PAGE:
Second, explicitly embrace dual timelines—short- and medium-term.
In the short-term, focus on what can be done now, with existing capabilities and technologies, for deployment in three to 12 months.
Recombination is common in the commercial sector. It is fundamentally an engineering and product, or capability, manager effort. In business, it can be found in fablabs and hackathons and the continual experimentation of lean start-ups.
The medium-term needs to consider translation of current applied research into capability deployable in the 12-to-36-month window, supported by a broader ecosystem.
Last, create new governance arrangements.
There are two parts to AUKUS pillar two: broad exploration and rapid translation. Neither are suited to the existing frameworks and culture of Defence—or the Australian Public Service, for that matter. Keeping pillar two behind the high walls of Defence will drive up costs and starve any prospective innovation system.
A new approach is needed, especially if AUKUS is to be part of a nation-building effort, to help enforce an AUKUS-by-design ethos, and avoid unwarranted taxpayer subsidisation of industry. In an economy built around extractive industries, that task should not be under-estimated.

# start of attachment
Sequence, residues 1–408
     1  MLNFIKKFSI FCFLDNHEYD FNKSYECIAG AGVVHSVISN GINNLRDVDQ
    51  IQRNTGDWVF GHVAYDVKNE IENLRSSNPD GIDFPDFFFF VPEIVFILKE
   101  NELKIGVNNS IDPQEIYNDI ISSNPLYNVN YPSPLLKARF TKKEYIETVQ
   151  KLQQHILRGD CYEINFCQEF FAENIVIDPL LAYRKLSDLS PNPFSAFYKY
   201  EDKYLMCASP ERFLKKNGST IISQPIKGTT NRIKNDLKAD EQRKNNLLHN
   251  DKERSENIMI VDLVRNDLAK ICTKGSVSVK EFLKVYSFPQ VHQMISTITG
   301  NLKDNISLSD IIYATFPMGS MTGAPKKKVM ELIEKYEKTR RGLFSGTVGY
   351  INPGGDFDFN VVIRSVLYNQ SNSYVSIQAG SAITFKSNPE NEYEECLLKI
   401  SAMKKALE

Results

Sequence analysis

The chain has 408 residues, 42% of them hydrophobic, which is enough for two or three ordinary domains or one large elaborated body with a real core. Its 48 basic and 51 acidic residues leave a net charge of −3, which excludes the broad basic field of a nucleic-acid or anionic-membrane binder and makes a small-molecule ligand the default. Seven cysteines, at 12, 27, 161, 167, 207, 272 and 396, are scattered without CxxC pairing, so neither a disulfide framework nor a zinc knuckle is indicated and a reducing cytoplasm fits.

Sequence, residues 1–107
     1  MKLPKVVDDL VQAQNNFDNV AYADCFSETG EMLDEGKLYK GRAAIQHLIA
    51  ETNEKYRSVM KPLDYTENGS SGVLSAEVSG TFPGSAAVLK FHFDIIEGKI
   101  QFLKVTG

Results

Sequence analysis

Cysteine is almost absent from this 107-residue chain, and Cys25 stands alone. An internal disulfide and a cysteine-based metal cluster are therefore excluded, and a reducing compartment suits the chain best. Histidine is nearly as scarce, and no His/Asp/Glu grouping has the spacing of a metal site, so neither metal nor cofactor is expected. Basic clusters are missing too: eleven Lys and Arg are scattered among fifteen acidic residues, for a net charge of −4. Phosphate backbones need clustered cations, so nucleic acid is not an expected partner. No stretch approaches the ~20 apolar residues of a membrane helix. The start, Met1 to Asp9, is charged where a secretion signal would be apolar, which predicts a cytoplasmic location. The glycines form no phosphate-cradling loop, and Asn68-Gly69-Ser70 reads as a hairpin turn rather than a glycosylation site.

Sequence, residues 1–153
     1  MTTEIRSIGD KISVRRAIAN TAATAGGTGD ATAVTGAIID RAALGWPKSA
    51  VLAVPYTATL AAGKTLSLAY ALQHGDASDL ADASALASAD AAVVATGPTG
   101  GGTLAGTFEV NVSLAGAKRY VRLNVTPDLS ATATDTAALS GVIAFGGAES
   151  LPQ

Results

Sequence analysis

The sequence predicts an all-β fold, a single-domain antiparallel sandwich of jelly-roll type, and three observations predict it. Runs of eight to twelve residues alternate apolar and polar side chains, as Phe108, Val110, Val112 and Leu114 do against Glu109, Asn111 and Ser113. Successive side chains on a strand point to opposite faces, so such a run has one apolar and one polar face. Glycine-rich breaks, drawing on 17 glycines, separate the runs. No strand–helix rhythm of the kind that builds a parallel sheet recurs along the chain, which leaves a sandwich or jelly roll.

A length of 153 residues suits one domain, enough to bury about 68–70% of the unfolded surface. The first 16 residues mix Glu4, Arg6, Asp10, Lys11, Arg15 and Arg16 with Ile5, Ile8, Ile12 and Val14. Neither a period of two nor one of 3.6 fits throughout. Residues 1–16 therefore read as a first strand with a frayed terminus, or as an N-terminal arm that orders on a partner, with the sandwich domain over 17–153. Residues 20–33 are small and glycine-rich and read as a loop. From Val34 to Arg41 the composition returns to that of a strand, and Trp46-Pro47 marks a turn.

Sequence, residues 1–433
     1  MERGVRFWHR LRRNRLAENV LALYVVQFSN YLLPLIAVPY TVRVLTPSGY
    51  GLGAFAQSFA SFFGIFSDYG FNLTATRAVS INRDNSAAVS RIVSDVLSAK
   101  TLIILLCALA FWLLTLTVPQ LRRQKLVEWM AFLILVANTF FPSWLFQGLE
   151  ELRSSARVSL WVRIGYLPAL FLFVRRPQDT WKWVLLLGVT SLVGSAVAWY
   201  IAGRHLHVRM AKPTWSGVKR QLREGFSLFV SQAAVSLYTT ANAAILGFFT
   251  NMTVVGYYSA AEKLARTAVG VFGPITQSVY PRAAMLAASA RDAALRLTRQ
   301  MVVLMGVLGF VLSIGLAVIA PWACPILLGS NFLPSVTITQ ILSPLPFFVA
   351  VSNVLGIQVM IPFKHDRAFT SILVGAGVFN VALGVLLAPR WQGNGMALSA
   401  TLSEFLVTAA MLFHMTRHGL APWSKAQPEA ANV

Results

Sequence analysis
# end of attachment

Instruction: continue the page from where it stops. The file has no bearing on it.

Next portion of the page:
At a time when the government is seized with social and economic change and debt is already high, the cost of realising AUKUS will be taken from within Defence. We’ve yet to see whether ministers have the stomach for the shaping and sustained effort needed to realise the pact’s potential.
Lesley Seebeck is an independent consultant and an honorary professor at the Australian National University. Image: Department of Defence.